Pros: Beautiful animation - hand drawn figures in front of lush/complex backgrounds with unobtrusive computer-aided elements, typical Miyazaki themes - anti-war and discovering inner strength through external struggles, great voice-acting for young/old Sophie, ending neatly wraps up the plot threads, very nice musical score, nominated for Best Animated Feature at 2006 Academy Awards 
Sophie sets to work cleaning the filthy castle
Cons: Film plot and character portrayals are drastically different than the original novel by Diana Wynne Jones, dub actor choices were questionable for Calcifer (Billy Crystal - too silly) and Howl (Christian Bale - too gruff), plot jumps around quite a bit and the reason for the war wasn't readily apparent (maybe I'm just dense, but after like ten viewings I still don't know why the war is happening)
Howl transforms into a giant bird-like creature to try and
oppose the other wizards involved in the war
Mike Tells It Straight: Hayao Miyazaki followed up his critically-acclaimed film Spirited Away with this film based on the novel Howl's Moving Castle by Diana Wynne Jones.  His films are usually original creations written and directed by him (with the exception of Kiki's Delivery Service which was based on a short novel), but he was a great fan of the book and wanted to create a film from it. 
Sophie helps Howl to rest after a traumatizing experience
For those fans of the original novel this film is a big departure as it is not a direct representation of the book.  The Witch of the Waste was a beautiful ex-lover of Howl's and is instead an overweight aging madame.  Michael the teenage apprentice who was in love with Sophie's sister is instead Markl the young boy.  Howl was an irresponsible lothario and is instead a gruff anti-war hero.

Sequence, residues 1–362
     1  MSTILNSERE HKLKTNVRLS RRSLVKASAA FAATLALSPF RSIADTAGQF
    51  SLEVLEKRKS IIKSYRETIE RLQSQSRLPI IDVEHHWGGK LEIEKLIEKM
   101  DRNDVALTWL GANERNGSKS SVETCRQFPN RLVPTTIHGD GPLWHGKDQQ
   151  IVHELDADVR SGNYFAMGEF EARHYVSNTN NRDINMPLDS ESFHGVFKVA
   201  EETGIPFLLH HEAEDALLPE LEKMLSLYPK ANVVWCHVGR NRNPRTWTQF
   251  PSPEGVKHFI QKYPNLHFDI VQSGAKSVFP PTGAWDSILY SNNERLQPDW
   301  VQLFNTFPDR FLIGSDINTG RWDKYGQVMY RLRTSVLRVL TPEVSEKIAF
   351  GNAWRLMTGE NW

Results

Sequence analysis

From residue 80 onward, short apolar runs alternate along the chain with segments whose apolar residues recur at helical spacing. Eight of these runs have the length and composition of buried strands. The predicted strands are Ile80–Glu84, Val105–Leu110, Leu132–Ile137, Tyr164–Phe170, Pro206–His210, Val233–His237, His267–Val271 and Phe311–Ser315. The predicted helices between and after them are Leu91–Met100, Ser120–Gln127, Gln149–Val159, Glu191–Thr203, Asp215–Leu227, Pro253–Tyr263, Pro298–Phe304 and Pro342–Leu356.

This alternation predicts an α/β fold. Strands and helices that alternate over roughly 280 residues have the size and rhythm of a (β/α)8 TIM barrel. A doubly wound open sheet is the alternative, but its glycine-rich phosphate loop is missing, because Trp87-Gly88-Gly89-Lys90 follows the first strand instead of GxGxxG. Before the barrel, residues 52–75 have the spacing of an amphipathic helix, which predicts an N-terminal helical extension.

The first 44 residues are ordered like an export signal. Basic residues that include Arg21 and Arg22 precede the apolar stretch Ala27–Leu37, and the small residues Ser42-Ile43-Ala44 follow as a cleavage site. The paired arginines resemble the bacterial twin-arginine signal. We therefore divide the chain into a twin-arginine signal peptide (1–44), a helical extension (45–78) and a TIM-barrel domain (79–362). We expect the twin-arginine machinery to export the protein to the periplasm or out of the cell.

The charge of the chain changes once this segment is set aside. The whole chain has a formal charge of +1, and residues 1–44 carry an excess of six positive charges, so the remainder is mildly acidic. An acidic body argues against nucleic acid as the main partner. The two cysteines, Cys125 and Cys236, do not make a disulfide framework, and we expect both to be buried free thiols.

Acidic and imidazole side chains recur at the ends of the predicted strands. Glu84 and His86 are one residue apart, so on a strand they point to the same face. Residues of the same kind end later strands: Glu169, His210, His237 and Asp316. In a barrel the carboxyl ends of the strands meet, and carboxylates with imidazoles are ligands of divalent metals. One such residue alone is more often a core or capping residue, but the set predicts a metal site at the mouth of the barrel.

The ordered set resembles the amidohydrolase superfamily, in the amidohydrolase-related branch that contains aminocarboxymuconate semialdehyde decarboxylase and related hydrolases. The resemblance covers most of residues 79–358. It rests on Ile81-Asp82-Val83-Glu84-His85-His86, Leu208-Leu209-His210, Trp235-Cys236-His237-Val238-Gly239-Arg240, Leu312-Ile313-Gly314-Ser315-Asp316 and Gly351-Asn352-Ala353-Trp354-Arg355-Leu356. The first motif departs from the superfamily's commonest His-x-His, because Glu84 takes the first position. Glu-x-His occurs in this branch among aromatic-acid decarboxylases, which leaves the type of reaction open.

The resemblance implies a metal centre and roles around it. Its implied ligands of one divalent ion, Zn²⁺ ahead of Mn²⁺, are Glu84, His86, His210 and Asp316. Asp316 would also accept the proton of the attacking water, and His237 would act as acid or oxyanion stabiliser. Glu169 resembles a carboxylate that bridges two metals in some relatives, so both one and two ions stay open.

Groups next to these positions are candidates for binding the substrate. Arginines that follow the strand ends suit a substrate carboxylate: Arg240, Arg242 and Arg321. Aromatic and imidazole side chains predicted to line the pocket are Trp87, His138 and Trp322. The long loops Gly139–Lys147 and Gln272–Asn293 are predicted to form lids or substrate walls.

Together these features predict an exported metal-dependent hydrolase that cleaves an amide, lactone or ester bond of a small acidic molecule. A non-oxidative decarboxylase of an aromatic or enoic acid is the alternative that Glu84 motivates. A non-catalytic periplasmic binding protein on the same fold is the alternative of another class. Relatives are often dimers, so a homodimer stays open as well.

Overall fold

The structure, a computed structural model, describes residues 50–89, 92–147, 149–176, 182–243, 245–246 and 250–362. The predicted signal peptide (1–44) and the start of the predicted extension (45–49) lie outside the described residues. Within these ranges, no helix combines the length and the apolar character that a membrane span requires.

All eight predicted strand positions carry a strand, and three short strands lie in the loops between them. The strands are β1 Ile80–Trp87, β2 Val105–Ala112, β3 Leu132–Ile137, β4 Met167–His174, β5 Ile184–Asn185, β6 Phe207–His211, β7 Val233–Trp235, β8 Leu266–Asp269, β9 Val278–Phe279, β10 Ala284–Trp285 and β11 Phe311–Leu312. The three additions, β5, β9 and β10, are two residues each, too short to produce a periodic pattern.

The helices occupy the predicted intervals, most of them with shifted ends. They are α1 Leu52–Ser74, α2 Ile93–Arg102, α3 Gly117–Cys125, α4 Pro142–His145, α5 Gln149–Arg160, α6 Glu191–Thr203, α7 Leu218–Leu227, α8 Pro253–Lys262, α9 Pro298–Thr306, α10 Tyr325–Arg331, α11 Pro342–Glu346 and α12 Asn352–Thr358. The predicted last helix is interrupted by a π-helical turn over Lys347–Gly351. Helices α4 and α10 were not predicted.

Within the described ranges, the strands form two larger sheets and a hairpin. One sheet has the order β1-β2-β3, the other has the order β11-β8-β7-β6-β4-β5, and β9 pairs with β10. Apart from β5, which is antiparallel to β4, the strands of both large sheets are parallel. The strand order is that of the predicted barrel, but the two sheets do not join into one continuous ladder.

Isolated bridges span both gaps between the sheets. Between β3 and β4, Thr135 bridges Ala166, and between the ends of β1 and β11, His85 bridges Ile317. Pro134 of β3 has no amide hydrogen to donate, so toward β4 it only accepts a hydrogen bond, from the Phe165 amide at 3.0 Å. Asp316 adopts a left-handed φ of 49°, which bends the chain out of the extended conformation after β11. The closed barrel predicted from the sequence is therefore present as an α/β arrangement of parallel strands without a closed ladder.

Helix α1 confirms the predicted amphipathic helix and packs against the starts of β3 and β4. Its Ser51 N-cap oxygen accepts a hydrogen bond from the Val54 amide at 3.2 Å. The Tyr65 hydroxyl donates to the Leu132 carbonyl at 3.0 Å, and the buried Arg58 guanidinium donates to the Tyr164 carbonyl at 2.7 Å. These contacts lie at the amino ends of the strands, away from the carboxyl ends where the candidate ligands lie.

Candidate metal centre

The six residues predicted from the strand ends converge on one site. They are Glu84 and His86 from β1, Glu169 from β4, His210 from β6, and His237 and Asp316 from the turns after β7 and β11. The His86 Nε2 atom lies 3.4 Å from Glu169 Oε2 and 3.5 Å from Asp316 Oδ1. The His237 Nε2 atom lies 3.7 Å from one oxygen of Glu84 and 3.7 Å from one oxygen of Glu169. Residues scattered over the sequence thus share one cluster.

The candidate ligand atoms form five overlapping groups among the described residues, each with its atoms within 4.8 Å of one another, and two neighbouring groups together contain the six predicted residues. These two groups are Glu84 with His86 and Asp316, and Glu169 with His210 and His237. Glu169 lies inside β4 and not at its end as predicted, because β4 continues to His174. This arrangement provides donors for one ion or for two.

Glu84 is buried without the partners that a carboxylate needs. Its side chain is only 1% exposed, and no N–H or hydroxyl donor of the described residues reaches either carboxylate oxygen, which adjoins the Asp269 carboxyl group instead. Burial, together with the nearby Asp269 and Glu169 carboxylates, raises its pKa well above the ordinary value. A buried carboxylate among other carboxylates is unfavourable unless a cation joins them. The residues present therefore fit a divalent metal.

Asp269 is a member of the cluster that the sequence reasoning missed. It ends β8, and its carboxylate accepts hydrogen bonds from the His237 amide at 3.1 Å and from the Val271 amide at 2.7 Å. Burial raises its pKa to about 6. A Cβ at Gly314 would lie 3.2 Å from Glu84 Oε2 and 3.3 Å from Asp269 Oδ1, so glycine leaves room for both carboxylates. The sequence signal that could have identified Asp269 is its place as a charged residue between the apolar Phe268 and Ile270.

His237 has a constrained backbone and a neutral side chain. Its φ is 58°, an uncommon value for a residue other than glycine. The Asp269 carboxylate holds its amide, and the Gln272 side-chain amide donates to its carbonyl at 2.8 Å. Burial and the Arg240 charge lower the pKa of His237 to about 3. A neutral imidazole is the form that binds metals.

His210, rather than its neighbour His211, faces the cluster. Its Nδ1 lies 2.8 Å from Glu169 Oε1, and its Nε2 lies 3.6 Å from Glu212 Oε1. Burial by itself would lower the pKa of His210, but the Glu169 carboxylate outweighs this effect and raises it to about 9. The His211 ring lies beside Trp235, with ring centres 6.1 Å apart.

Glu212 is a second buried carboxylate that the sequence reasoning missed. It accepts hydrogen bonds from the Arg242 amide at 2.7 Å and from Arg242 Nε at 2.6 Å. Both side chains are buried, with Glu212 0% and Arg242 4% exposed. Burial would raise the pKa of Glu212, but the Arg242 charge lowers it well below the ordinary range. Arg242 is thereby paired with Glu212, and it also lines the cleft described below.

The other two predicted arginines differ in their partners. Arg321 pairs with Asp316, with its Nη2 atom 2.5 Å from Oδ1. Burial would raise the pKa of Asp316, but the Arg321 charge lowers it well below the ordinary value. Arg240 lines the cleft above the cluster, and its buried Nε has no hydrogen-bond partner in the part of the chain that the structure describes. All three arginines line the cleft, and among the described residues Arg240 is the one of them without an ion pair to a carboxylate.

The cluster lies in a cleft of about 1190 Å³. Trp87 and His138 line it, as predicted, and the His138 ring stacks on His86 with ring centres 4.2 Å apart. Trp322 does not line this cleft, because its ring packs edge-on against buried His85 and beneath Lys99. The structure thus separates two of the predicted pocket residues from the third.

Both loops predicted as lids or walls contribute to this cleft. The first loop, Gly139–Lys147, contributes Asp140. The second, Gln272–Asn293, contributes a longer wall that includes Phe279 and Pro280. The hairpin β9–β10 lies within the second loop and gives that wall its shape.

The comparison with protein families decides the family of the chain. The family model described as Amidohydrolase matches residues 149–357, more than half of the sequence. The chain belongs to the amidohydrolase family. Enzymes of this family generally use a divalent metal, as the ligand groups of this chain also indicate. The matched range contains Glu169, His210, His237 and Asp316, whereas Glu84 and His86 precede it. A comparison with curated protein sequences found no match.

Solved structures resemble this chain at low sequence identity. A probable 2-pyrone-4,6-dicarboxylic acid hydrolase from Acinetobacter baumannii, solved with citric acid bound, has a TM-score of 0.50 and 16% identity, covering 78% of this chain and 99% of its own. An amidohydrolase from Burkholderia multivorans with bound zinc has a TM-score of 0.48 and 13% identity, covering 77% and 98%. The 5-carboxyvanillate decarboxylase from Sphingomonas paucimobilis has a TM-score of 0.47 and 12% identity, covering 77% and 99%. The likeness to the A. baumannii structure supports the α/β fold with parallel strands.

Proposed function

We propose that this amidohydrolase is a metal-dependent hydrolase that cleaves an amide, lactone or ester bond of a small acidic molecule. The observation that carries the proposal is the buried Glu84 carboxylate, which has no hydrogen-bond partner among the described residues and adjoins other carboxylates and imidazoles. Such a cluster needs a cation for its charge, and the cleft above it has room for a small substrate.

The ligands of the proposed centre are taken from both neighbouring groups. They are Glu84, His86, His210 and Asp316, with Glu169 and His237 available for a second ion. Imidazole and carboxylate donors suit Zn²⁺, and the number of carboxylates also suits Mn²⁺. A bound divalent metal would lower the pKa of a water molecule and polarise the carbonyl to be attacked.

The castle and its inhabitants take a break from walking
Obviously Miyazaki used the book as a loose basis for the story he wanted to tell with the characters in order to reiterate recurring themes from past works - anti-war, a perpetual battle between technology and the natural (magical) world, and discovering inner strength through difficult trials.  Despite the change to the characters I think Miyazaki really made them stand for something. 
Heen, Markl and Turnip Head
Instead of a vapid womanizer we get a socially-conscious Howl willing to sacrifice his humanity in order to stop senseless violence.  Sophie discovers adventure and a chance at love after a debilitating curse alters her life.  I like the underlying theme of personal freedom portrayed in this film, particularly Howl's lifestyle and desire to stay unfettered of responsibilities.  His house is always on the move, he assumes false identities, and spreads unsavory rumors to keep himself at a comfortable distance from others.

Sophie holds a flaming heart in her hands
The spectacular visuals alone are worth viewing and the story is interesting if not a bit scattered.  Fans of Miyazaki and animation in general will really enjoy this film.  It's not the best Miyazaki has done, but in the upper strata for sure.  I would recommend seeing the film and then reading the book to minimize any potential disappointment with the film.  Absolutely see this and it actually improves a bit on repeat viewings.


TO BUY and Recommendations: